Protect Your Spine: Good Posture Tips

by Boston Gregg

According to the American Chiropractic Association‘s official website, 31 million Americans experience low-back pain at any given time. Imagine there’s exactly 240 million Americans over the age of 18. That means almost 13% of American adults are experiencing back pain right now.

The spinal column consists of 33 individual bones, known as vertebrae, stacked one on top of the other.The natural curves of spine along with the discs serve as stress/shock absorbers  Attached to the spine are some 120 muscles and ligaments, and 30 different pairs of spinal nerves. The muscles hold everything together and the ligaments allow us to bend and move our spine without damage. With all of the different elements needed to keep our spine in good health, its easy to see how back pain can affect so many Americans.

If you get a flat tire, you fix it before it causes serious damage to your vehicle, right? Treat your back with the same respect. Think proactively  so you can keep your body mechanics functioning up to speed while preventing future potential damage.

How do I protect my Spine?

Proper body mechanics are a vital part of keeping you and your spine both healthy and happy. When we don’t move properly and safely, we run the risk of spinal degeneration. Good posture, proper lifting and the right sleeping position are just a few things that can benefit you and your back in the long run.

Correct your posture:

  • Bad posture leads to painful degenerated discs or back pain.
  • Support the natural curve of your spine by maintaining a neutral spine position.
  • Set alarms throughout the day to check your posture.
  • Don’t sit for long periods of time. Get up at least once an hour to keep your blood flowing and your back healthy.

Lift heavy objects properly:

  • Lifting heavy objects incorrectly can lead to injury, even in younger people.
  • Bending with your knees and hips is much more conducive for your back’s health than bending with your back. NEVER bend and lift with your back.
  • Pushing is always better than pulling. Pulling can cause unwanted tension or strain in the back. Pushing uses more of your body than just your back, which aids in redistributing weight.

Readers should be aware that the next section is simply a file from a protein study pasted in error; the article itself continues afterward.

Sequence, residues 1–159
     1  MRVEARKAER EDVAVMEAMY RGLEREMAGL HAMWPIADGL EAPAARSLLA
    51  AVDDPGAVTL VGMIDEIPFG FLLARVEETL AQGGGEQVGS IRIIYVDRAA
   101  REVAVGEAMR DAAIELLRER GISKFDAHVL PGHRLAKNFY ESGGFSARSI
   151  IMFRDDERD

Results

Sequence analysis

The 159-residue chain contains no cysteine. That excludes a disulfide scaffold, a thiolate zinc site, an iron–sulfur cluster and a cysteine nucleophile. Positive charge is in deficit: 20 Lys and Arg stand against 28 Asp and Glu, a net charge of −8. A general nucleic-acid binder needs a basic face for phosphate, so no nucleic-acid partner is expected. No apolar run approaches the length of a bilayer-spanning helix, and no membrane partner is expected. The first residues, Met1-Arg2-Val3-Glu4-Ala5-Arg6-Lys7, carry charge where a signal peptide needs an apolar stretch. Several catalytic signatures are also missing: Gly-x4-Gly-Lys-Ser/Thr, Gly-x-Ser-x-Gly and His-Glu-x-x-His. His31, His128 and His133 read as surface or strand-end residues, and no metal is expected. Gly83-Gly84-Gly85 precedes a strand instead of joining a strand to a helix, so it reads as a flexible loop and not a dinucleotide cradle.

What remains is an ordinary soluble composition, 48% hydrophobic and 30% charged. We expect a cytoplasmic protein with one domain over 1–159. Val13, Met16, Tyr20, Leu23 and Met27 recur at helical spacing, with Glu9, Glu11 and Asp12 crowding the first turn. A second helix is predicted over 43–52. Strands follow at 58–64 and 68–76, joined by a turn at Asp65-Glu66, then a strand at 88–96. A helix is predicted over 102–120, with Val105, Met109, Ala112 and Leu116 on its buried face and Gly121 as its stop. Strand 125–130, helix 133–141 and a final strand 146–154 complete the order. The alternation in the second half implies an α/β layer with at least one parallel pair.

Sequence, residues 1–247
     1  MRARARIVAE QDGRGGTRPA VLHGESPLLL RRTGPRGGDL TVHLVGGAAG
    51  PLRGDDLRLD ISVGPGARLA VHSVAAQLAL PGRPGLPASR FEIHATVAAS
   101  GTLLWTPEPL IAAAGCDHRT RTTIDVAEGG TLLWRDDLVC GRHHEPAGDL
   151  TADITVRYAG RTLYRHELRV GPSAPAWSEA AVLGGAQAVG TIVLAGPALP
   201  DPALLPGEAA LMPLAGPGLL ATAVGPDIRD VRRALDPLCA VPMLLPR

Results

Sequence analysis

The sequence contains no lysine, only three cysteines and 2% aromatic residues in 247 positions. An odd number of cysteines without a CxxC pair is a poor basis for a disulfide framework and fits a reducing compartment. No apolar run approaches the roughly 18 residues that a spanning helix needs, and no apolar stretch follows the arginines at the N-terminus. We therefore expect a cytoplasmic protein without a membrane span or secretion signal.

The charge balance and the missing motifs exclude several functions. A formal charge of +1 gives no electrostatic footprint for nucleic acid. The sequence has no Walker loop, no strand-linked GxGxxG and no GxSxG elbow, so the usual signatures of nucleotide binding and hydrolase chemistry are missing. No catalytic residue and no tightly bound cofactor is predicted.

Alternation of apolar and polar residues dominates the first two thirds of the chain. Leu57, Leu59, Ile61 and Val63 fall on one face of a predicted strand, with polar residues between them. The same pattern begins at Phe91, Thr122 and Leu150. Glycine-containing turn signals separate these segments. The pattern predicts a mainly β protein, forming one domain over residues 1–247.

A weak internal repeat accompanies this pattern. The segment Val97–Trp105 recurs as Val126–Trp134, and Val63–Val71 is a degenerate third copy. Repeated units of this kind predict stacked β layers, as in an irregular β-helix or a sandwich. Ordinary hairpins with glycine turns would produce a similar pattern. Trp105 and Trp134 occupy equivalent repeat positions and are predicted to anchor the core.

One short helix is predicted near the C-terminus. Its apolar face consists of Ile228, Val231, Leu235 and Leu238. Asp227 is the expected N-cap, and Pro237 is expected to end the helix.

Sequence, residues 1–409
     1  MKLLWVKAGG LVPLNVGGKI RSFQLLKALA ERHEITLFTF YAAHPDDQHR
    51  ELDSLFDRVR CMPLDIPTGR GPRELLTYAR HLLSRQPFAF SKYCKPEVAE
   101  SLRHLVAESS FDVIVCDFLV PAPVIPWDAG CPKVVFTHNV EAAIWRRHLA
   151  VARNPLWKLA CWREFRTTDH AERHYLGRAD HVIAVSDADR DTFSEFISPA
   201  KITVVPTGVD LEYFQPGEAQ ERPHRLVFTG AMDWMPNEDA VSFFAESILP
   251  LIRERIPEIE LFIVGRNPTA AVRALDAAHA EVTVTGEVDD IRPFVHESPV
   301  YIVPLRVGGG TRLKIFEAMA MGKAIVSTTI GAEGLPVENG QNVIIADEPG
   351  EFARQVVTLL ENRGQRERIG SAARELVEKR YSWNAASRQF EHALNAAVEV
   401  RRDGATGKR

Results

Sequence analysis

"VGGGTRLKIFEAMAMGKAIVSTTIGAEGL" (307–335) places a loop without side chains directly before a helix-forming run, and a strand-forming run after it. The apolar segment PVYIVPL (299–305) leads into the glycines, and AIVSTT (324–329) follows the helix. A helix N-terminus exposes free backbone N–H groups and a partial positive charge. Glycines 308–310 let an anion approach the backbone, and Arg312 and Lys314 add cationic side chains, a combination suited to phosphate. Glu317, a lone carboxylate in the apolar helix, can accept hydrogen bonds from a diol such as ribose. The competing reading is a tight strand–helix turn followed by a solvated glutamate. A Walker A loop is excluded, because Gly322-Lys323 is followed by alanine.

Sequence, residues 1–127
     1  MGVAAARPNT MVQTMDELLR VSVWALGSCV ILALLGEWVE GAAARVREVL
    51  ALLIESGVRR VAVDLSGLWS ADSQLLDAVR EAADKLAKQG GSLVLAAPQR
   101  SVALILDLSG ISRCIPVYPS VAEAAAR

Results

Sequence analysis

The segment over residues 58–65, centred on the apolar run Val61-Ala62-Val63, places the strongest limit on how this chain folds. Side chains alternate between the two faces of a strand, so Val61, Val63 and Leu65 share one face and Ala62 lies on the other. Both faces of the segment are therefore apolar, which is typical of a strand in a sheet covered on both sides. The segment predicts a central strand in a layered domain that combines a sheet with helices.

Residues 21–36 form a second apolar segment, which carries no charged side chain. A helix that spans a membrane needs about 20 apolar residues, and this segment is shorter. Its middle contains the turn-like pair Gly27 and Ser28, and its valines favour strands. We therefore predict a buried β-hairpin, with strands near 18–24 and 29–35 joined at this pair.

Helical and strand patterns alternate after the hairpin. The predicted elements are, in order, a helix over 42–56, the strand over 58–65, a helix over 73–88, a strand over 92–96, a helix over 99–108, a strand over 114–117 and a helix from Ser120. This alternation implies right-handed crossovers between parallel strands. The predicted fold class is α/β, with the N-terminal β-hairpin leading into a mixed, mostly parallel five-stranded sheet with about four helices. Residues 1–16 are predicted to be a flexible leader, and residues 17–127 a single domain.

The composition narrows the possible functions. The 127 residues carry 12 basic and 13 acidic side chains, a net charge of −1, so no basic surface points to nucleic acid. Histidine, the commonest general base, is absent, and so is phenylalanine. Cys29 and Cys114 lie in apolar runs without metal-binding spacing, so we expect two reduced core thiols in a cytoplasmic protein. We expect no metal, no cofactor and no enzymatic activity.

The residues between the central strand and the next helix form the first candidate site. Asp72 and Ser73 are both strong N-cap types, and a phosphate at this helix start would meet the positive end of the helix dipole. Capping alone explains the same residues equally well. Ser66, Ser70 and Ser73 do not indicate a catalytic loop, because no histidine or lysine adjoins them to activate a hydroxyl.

Be conscious of your sleeping positions:

  • Doctors recommend sleeping on one side on a firm, comfortable bed. This position releases built-up stress on your back.
  • Keeping a pillow between your legs can help reduce pressure from building on your hips.
  • Sleeping on your stomach can exaggerate your spinal arch which can lead to injury or strain.

Exercise and strengthen your core:

  • Most of our daily activities do not properly work our core.
  • Adding a 20-30 minute targeted workout can help strengthen your core while preventing future injuries.

Your shoes support your back:

  • Our feet play an important role in your back’s health.
  • Shoes are the supportive base needed to assist your spinal and body alignment.
  • Consider shoe orthotics or inserts to further benefit your balance and back.

All it takes are a few minutes a day to work towards a healthier back. Good posture, proper lifting with your knees and hips, sleeping correctly, exercise and well-fitting shoes aren’t the only steps you can take in protecting your back.These are just a few steps in the right direction to a healthier and happier you.

Support your spine because your spine has always supported you.

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